People Aggregators: Candidate Mining - by John Sumser - HRExaminer

If, as CareerXRoads suggests, most hires are active candidates, then Candidate Experience matters more than most of us would have imagined and the need for candidate mines is less than LinkedIn might have guessed.

People Aggregators: Candidate Mining

In a recent study, the CareerXRoads team (Gerry Crispin and Mark Mehler) uncovered some startling data. It turns out that while the industry buzz is all about passive candidates, we hire active candidates nearly eighty percent of the time.

Holy Guacamole!

The timing is particularly interesting. This is the start of the Fall Trade show season. Hundreds of technology vendors line up to display their wares. Prominent among these are a fistful of startups who mine the social graph for insight into passive candidates.

If, as CareerXRoads suggests, most hires are active candidates, then Candidate Experience matters more than most of us would have imagined and the need for candidate mines is less than LinkedIn might have guessed. If the data is flawed, the new mining companies’ core value proposition remains unchallenged. One expects that the CareerXRoads study will inspire a lot of candidate and hiring research. That’s one of their missions: to provoke an evidence based understanding of the recruiting and hiring process.

That said, whether or not the current focus of these candidate mining companies is in need of a pivot, something will be made of the material they are extracting. It’s not always clear what’s cooking in the test kitchens known as startups.

That’s what Big Data projects are like as well. You start with a great big glop of data from all sorts of places. You stir it around looking for interesting or recognizable lumps. Success is when you start to be able to reliably extract novel insights.

Quickly, here are the candidate miners and their value propositions

  • Entelo
    Headquartered in San Francisco’s Mission District, Entelo (like the others) blends together data from a host of social media communities to provide blended profiles of “passive” candidates. Their current focus is the Tech industry. The most interesting feature is called Sonar. It tries to predict when a passive candidate is likely to be responsive to a recruiter. It uses 70 discrete signals to forecast pending availability. Sonar is a winning notion.
  • Gild
    Gild has the oddest value proposition. They claim to deliver a meritocracy in hiring. As if company culture didn’t make that a completely idiosyncratic question. This is another company focused on the Tech Industry. They also claim to be able to score and evaluate code from programmers. It’s likely to be the case that they need to focus a bit. Think of Gild as Klout for programmers with some quizzes. Well, maybe better than Klout.
  • RemarkableHire
    Another predictor of passive candidate performance, RemarkableHire hails from metro DC. Where Gild and SocialCV assign Klout style rankings across the board, the RemarkableHire difference is that they rank candidates by utility in a specific job search. You give them the job description they give you a short list. If the game goes to Functional utility, this is a winner.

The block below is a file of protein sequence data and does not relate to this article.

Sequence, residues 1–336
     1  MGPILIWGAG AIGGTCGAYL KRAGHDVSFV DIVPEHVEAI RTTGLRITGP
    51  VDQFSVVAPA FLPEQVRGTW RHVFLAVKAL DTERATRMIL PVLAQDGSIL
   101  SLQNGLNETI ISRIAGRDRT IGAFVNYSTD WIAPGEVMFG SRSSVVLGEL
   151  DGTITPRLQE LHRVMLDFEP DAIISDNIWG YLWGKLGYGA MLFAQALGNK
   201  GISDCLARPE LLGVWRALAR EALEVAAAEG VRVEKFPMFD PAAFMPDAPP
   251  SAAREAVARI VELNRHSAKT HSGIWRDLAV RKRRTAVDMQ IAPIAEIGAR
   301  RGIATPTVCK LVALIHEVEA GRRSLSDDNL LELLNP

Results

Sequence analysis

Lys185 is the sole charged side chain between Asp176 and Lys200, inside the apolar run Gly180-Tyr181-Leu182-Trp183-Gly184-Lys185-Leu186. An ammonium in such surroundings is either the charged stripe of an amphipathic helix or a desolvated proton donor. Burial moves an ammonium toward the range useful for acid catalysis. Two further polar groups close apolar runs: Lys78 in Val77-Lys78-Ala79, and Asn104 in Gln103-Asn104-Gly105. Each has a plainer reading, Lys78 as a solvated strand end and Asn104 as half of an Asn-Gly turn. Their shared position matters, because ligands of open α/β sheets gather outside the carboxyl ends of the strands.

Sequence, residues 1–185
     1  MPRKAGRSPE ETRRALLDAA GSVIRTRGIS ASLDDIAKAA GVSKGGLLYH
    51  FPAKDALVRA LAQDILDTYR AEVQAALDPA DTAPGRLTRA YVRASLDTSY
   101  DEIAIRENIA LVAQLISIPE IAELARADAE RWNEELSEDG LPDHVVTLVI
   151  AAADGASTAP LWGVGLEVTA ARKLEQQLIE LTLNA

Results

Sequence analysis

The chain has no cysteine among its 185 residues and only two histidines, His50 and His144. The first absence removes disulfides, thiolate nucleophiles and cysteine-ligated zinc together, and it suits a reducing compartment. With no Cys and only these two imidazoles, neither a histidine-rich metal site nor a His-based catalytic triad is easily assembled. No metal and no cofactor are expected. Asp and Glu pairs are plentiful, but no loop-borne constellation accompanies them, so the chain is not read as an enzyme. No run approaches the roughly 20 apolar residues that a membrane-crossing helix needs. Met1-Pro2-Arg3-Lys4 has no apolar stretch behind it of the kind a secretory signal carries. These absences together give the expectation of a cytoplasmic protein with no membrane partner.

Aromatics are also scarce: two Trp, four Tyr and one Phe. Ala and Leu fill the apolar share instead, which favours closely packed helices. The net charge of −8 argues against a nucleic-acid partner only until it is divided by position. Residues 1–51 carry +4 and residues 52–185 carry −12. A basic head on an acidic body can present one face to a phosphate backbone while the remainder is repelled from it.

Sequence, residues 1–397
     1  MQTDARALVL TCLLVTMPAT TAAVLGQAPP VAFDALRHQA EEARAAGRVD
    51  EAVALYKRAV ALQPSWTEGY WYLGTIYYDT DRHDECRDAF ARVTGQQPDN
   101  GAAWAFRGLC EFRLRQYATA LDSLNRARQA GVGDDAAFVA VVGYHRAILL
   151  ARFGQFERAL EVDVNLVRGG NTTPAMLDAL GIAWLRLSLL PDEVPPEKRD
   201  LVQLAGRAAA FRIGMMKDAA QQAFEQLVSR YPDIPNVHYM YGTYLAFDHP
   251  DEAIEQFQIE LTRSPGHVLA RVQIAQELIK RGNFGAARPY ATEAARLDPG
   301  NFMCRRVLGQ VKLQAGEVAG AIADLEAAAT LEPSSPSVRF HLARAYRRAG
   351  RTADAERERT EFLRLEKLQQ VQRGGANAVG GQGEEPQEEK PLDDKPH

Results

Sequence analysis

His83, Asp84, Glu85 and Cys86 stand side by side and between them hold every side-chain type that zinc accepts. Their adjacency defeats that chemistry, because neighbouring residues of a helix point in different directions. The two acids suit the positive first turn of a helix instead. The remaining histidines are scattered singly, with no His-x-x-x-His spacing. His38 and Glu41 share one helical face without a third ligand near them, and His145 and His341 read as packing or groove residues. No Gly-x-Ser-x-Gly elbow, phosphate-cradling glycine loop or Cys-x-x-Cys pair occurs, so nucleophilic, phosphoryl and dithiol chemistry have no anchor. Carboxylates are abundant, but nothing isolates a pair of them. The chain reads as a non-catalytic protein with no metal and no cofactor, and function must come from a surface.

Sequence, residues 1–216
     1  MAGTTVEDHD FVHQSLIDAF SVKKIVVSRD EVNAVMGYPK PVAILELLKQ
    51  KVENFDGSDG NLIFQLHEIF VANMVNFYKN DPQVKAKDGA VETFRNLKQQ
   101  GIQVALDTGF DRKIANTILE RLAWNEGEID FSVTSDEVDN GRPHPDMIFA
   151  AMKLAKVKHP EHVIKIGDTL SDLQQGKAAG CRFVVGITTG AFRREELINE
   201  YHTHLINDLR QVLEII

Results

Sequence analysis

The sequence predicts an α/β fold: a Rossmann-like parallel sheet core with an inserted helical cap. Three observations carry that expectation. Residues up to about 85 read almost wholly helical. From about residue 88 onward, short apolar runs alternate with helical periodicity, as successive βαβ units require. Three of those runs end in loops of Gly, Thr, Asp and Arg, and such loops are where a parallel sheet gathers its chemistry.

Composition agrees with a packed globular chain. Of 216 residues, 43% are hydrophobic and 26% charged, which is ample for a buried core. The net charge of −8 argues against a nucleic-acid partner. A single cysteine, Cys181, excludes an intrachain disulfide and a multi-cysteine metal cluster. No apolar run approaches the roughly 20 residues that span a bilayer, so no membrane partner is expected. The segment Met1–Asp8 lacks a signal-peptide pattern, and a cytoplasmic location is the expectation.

• SwoopTalent
    More so than the others, Swoop takes the position that they can integrate and organize your social media dominated recruiting workflow. Besides a broad search capability that comes close to the data aggregators work, they offer a referral program of sorts, analytics, and a host of useful corporate tools. If the game is won on corporate usability, these guys get it.
  • SocialCV
    This 18 month old British startup is the senior citizen of the crowd. Spawned by a Google based process, these guys were scoring the world’s CVs from the beginning. These guys know where the market pitfalls are. Ask them about the boom and bust cycle in this segment.
  • TalentBin
    These guys are the best marketers. TalentBin will be featured in the HRTech Awesome new technologies session which rewards Hollywood style presentations. Most of the others are too geeky to fare well in that arena.

If you want to handicap this contest, there are several ways of thinking about it.

  • There are two firms focused on interests as predictors of job fit: Entelo and TalentBin. Interestingly, they are also the best marketers in the bunch. They are focused on the notion that an expression of interest is likely to suggest an ability to do something related.
  • There are three companies that focus on evidence based data. Gild, RemarkableHire and SocialCV all work to score the viability of a given candidate. Their results are all focused on finding evidence that someone can do something.
  • One of the companies, SwoopTalent, acts as a traffic router for a company’s social recruiting endeavors.

But, companies rarely win on the basis of their functionality. Great marketing and great sales are what brings in the money. Great marketing means clear differentiation.

There’s not much of that here yet.

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